Only two days in, and December has already been good to bitcoin.
This week saw bitcoin’s price jump over its previous 2016 high to reach a high of $778.14 today (Dec. 2) — well over November’s average price of about $725. Current numbers put the price at $769.79 at the time of writing. These things can change by the minute, as all cryptocurrency users well know, but the end of November and the first few days of December appear to have been good to bitcoin holders.
What a difference a year can make. This time last year, bitcoin’s price was closer to $360, coming up from a slump in the mid-$200s for much of 2015. While there’s still a way to go toward bitcoin’s all-time high of $1,216.73, reported on the Mt. Gox exchange back in 2013, its price has been trending upward for over a year-and-a-half.
Zcash, the newly released, actually anonymous cryptocurrency competitor to bitcoin, is also starting to see some stability after soaring highs and sharp volatility since late October of this year. Current prices have been dancing around 0.08 BTC, or approximately $63.
While bitcoin remains largely unregulated and relatively unsecured worldwide, recent strides have been made in Japan to capitalize on the cryptocurrency market. Mitsui Sumitomo, a Japanese insurance provider, announced plans last week to offer a new product exclusively for cryptocurrency.
Mitsui Sumitomo will offer crypto coverage ranging from 10 million to 1 billion Japanese yen (JPY; $87,947 to $8,794,690). The cryptocurrency insurance will factor in losses from hacking incidents, unauthorized access and other cyberattacks, as well human error and impropriety by employees. The product is now available for the Japanese bitcoin market bitFlyer.
Switzerland looks like the place to be for cryptocurrency aficionados. Multinational professional services firm Ernst & Young announced recently that as of January 2017 their Swiss firm will soon begin accepting bitcoin. Ernst & Young clients will be able to settle auditing invoices and advisory services with the currency. The company also installed a publicly accessible bitcoin ATM in their Zurich offices.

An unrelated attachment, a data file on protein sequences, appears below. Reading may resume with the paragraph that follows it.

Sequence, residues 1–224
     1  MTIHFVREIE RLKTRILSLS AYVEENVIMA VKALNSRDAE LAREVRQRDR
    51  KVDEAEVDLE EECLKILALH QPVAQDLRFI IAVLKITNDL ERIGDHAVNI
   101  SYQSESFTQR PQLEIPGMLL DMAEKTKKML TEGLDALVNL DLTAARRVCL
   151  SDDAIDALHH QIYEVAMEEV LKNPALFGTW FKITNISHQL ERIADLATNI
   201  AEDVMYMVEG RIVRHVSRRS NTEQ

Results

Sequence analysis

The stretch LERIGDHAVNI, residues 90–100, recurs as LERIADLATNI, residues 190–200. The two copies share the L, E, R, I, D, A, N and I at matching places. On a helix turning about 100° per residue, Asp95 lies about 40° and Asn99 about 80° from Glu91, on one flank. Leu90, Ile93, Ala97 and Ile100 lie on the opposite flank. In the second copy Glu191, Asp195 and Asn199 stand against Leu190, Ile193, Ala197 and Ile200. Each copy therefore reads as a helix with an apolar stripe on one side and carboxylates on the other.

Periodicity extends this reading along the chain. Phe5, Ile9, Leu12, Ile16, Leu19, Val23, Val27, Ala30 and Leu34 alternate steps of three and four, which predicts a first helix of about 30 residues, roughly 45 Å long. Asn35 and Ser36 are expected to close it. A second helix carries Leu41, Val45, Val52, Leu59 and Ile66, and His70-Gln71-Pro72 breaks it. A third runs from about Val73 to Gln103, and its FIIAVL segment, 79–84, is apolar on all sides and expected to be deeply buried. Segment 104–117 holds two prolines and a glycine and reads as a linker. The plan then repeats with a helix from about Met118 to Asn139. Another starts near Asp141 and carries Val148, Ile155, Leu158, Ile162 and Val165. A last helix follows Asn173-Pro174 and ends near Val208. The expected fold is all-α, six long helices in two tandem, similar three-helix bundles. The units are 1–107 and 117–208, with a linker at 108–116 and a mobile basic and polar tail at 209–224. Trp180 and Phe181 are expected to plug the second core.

Ernst & Young’s Swiss CEO Marcel Stalder said in a statement, “We don’t only want to talk about digitalization, but also actively drive this process together with our employees and our clients. It is important to us that everybody gets on board and prepares themselves for the revolution set to take place in the business world through blockchains, smart contracts and digital currencies.”
In India, the stage may be getting set for the digital currency revolution Stalder spoke of.
In the midst of the ongoing cash controversy, bitcoin proponents are working to spread the word and beef up their digital offerings. Indian bitcoin startup Unocoin recently unveiled a bitcoin full-featured mobile wallet and bitcoin trading app for Android and iOS. The company previously released a point-of sale app that enables physical stores to accept bitcoin.
Sandeep Goenka, co-founder of Zebpay, another Indian bitcoin wallet, says bitcoin activists have been making efforts around to push the adoption of bitcoin in a country that has an unbanked population at 21 percent and at least 244 million smartphone users by 2017.
Goenka was quoted as saying, “India still has to catch up with payment networks with a majority of the population. I see bitcoin helping India to move to a modern financial infrastructure by skipping the plastic money infrastructure, just like we did with mobile phones and skipped the landline generation.”
Closing out this week’s bitcoin tracker comes a stateside story that’s sure to have some bitcoin and ether users on exchange startup Coinbase, Inc., feeling a bit wary about their privacy.
In mid-November of this year, the IRS sought access to Coinbase’s user records as part of an investigation into alleged tax violations connected to digital currency. They filed a petition in the District Court for the Northern District of California on asking for permission to serve a summons to Coinbase.
As of Nov. 30, the IRS got their wish. Judge Jacqueline Scott Corley sided in favor of the IRS request. They can now serve bitcoin and ether exchange startup Coinbase with a summons for user data from between December 31, 2013, and December 31, 2015.
But Coinbase isn’t going quietly. The company reportedly said they plan to oppose the ruling: “We are aware of, and expected, the court’s ex parte order today. We look forward to opposing the DOJ’s request in court after Coinbase is served with a subpoena. As we previously stated, we remain concerned with our U.S. customers’ legitimate privacy rights in the face of the government’s sweeping request.”